The museum aims to retrace the history and prehistory of the region. It is included in a tour of the three major archaeological sites of the area: Dukki Gel, the city of Kerma and the eastern necropolis. In fact, the entrance faces the western deffufa and it thus gives visitors easy access to the ancient city located a few steps away.


The museum’s exhibition gallery covers a surface of approximately 500 square metres. A corridor opens onto a wide central hall that in turn gives way to a series of smaller rooms. The central hall comprises columns and a 70 cm high podium, where are displayed the statues of the black pharaohs. A white wall serves as backdrop in order to highlight them.

The first step of the exhibition project to display the statues started in June 2006. Scenographer Pierre-Alain Bertola and graphic designer Laurent Bonnet took over the staging, first by creating a drawing, then a canvas that was placed where these exceptional works would be displayed. The second step took place during winter 2006-2007 and consisted of the restoration of these statues and their installation on the platform.

Didactic Panels

A first series of panels introducing the museum is displayed on a side of this central space, while a second describing the discovery of the statues is affixed to the other side. These 16 bilingual (Arabic and English) didactic panels were designed in Switzerland. Measuring between one to two metres square, these panels present by means of large photographs, tables and texts the different cultures that have developed in the region. One panel was designed for each of the main periods (Prehistory, Kingdom of Kerma, Kingdom of Napata and Meroe), delving deeper in the understanding of cultural evolution.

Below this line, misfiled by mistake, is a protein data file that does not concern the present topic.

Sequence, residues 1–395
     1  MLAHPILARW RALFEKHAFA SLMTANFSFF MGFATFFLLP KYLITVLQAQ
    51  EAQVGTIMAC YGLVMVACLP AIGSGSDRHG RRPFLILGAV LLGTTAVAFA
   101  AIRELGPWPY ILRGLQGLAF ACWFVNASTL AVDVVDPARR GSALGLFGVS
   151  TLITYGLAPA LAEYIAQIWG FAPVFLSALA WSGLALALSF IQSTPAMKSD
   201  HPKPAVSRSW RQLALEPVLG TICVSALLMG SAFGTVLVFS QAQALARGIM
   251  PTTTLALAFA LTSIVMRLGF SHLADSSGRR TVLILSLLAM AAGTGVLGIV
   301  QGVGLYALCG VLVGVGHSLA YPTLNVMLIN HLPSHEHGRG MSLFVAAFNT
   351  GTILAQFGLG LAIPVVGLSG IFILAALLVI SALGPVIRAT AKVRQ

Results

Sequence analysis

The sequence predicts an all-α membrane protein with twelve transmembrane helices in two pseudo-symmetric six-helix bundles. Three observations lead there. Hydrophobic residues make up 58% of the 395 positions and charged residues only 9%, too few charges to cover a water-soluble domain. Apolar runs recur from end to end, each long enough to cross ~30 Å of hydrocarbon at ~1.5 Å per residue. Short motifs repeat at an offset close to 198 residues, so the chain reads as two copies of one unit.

The museum includes forty cases, designed in Switzerland and created in Khartoum during 2006 by a small specialized firm. They measure 220 cm in height by 170 cm in width, their depth either 30 cm or 60 cm depending on the size of objects displayed. At the end of 2006, the cases were sent in pieces to the Kerma Museum together with technicians who would assemble them. During 2007-2008, these were installed in the galleries and the archaeological objects placed within them. This incredibly rich collection of artefacts is entirely dedicated to the prehistory and history of the Kerma region. With it, it is possible to illustrate the human evolution of Sudan’s Northern Province over hundreds of thousands of years.

Scale Models

Three scale models—of the Mesolithic hut of el-Barga (7500 B.C.), the proto-urban agglomeration of the Pre-Kerma (3000 B.C.) and the ancient city of Kerma (2500-1500 B.C.)—give a glimpse of the world of the living. They show the evolution of settlements for each of the key periods in Nubian history. Huts indicate the birth of a sedentary way of life, the agglomeration confirms the settling of populations on a territory and the capital of the Kingdom of Kerma marks the culmination of the complexification of Nubian architecture with its ever more monumental constructions. The three models were created in Switzerland by Hugo Lienhard and were installed in the museum in January 2009.


Life-size reconstructions present three tombs dated to different periods. They retrace the evolution and the complexification of funerary rituals, highlighting the beliefs surrounding the dead. Created with materials from the sites themselves and from known models, these scenes are the reconstructions of burials observed during excavations.


Galleries dedicated to the Napatan and Meroitic periods highlight the numerous fragments of painted or carved blocks. Discovered during the Dukki Gel excavations et stored for several years in the hangars near the site, they are now visible, having been carefully placed by Dominique Valbelle on shelves created specifically for their display. Statuettes and stone or terracotta figurines are also displayed in the New Kingdom vitrines.